GM recalls some cars, but not all, with ignition switch problem
General Motors in 2006 sent dealers a technical service bulletin warning that because of an ignition problem, a heavy key chain hanging from the ignition could turn off the engine on six models. But only two of those models were covered in last week's recall of 778,000 vehicles in the United States and Canada for the problem that the automaker now says could keep air bags from deploying in a crash.
Had General Motors recalled the other four models covered by the technical service bulletin, it would have more than doubled the size of the recall in the United States, where the 619,000 vehicles now subject to recall include the 2007 Pontiac G5 and the 2005-7 Chevrolet Cobalt.
In a Feb. 13 letter, G.M. told the National Highway Traffic Safety Administration that the ''ignition switch torque performance'' was not up to specifications. If the vehicles were jarred or the owner had a heavy key ring, the engine could be turned off, which would disable the air bags, the automaker said.
G.M. said it was aware of six deaths in five crashes in which the front air bags did not deploy. But the automaker said some of the crashes involved alcohol, the failure to wear seatbelts and high speeds.
In the United States, the models covered by the bulletin but not subject to the recall were the 2006-7 Chevrolet HHR, the 2006-7 Pontiac Solstice, the 2003-7 Saturn Ion and the 2007 Saturn Sky. According to an analysis by Experian Automotive, about 643,000 of those vehicles are still registered, including 403,000 Ions, 191,000 HHRs, 35,000 Solstices and 14,000 Skys.
Asked why the additional models were not recalled, Alan Adler, a General Motors spokesman, wrote in an email that ''G.M. has devoted significant time and resources to evaluating this issue, and has concluded that the 2005-7 Chevrolet Cobalt and the 2007 G5 should be recalled.'' He declined to answer additional questions.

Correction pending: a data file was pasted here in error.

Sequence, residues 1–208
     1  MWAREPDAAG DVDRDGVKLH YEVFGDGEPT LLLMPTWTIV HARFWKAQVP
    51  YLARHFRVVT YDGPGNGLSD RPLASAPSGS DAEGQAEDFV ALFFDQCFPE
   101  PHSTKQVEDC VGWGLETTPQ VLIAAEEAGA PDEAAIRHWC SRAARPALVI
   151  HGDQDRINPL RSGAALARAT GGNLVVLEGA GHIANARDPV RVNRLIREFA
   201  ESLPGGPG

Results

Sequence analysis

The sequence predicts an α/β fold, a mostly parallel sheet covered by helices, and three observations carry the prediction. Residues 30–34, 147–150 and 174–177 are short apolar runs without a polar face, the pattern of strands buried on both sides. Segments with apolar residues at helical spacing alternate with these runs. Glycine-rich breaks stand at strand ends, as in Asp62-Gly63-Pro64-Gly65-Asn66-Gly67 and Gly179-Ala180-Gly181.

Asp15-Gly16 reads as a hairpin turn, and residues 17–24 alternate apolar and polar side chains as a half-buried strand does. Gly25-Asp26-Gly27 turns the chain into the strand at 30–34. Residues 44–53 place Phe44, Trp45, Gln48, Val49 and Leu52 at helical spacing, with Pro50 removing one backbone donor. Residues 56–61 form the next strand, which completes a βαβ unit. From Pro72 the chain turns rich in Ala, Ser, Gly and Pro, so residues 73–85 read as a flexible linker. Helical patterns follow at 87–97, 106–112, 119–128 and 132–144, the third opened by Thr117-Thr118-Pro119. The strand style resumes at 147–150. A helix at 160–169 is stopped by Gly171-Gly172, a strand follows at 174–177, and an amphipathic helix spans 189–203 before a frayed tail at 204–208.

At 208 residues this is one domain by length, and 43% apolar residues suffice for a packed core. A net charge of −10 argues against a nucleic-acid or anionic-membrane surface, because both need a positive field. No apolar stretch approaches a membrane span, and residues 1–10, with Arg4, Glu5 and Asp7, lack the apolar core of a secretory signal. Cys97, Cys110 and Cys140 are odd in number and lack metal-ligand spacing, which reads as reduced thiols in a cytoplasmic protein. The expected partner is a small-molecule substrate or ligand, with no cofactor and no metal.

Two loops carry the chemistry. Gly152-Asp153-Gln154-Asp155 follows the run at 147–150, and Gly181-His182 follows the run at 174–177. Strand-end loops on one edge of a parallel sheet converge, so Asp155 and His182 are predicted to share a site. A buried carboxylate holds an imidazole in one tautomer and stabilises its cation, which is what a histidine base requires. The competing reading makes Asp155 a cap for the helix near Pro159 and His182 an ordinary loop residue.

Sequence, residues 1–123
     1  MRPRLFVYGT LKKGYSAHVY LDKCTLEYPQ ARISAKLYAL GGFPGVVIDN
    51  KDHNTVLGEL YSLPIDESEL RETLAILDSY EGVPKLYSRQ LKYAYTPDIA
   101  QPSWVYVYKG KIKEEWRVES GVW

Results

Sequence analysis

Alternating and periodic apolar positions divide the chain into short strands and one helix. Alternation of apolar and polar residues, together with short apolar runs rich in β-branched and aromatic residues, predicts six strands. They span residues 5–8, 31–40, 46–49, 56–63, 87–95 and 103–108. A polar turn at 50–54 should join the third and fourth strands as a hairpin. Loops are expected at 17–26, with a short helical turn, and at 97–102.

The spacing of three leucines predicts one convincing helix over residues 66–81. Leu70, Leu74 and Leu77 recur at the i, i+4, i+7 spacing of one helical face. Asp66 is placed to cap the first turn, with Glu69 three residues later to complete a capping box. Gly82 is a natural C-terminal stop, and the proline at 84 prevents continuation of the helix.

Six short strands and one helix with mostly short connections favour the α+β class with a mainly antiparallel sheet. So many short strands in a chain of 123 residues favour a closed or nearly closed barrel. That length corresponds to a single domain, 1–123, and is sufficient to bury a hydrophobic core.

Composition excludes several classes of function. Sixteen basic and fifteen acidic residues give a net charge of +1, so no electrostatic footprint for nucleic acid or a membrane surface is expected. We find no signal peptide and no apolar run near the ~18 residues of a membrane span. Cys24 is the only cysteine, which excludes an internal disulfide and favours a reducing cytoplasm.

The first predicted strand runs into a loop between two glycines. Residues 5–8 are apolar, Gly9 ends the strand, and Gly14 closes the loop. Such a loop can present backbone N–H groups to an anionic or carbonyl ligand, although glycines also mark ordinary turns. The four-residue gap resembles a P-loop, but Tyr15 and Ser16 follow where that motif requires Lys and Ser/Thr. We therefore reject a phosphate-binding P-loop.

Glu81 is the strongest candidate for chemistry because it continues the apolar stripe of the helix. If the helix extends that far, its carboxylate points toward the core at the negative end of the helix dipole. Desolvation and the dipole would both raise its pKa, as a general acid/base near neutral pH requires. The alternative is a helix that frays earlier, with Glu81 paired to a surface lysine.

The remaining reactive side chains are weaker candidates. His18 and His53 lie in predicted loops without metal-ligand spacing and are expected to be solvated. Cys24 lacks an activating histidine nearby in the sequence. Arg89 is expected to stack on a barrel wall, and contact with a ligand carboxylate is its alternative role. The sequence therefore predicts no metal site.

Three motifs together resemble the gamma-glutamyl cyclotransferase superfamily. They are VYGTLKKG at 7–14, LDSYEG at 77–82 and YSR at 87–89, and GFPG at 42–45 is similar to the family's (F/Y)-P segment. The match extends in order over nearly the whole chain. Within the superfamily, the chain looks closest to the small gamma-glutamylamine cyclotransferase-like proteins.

But Michael Brownlee, a former associate administrator for enforcement at N.H.T.S.A., who retired in 1997, said that if the ignition switches were all of the same type, there was a ''strong presumption'' for recalling all of the vehicles listed in the technical service bulletin. The document shows that G.M. knew it had a safety problem years ago and should have recalled all of the vehicles, Joan Claybrook, who was chief of the agency from 1977 to 1981, wrote in an email.
''This defect is not rocket science,'' Ms. Claybrook said. ''General Motors and its executives should be fined the maximum penalties under civil and criminal law for their reckless disregard to the safety of their customers.''
An agency spokesman said it was ''reviewing recall documents, available data and will take appropriate action as warranted.''
Mr. Adler, the G.M. spokesman, said the service bulletin ''was based on the facts as understood at the time. Safety of our consumers is paramount to G.M.; given our present understanding of the 2005-7 Cobalt ignition switch torque capabilities, we have announced a recall.''
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Mr. Adler did not immediately respond when asked whether G.M. knew when the technical service bulletin was sent out advising that turning off the engine would disable the air bags.
Automakers routinely send dealers technical service bulletins to make them aware of problems and provide remedies. The 2006 bulletin was titled ''Information on Inadvertent Turning of Key Cylinder, Loss of Electrical System.''
''The concern is more likely to occur if the driver is short and has a large and/or heavy key chain,'' the bulletin said. ''In these cases, this condition was documented and the driver's knee would contact the key chain while the vehicle was turning and the steering column was adjusted all the way down. This is more likely to happen to a person who is short, as they will have the seat positioned closer to the steering column.''
Dealers were informed that customers should be told to remove ''unessential items from their key chain.'' They were also advised that an insert was available that would ''result in the keys not hanging as low as in the past.''
—By The New York Times' Christopher Jensen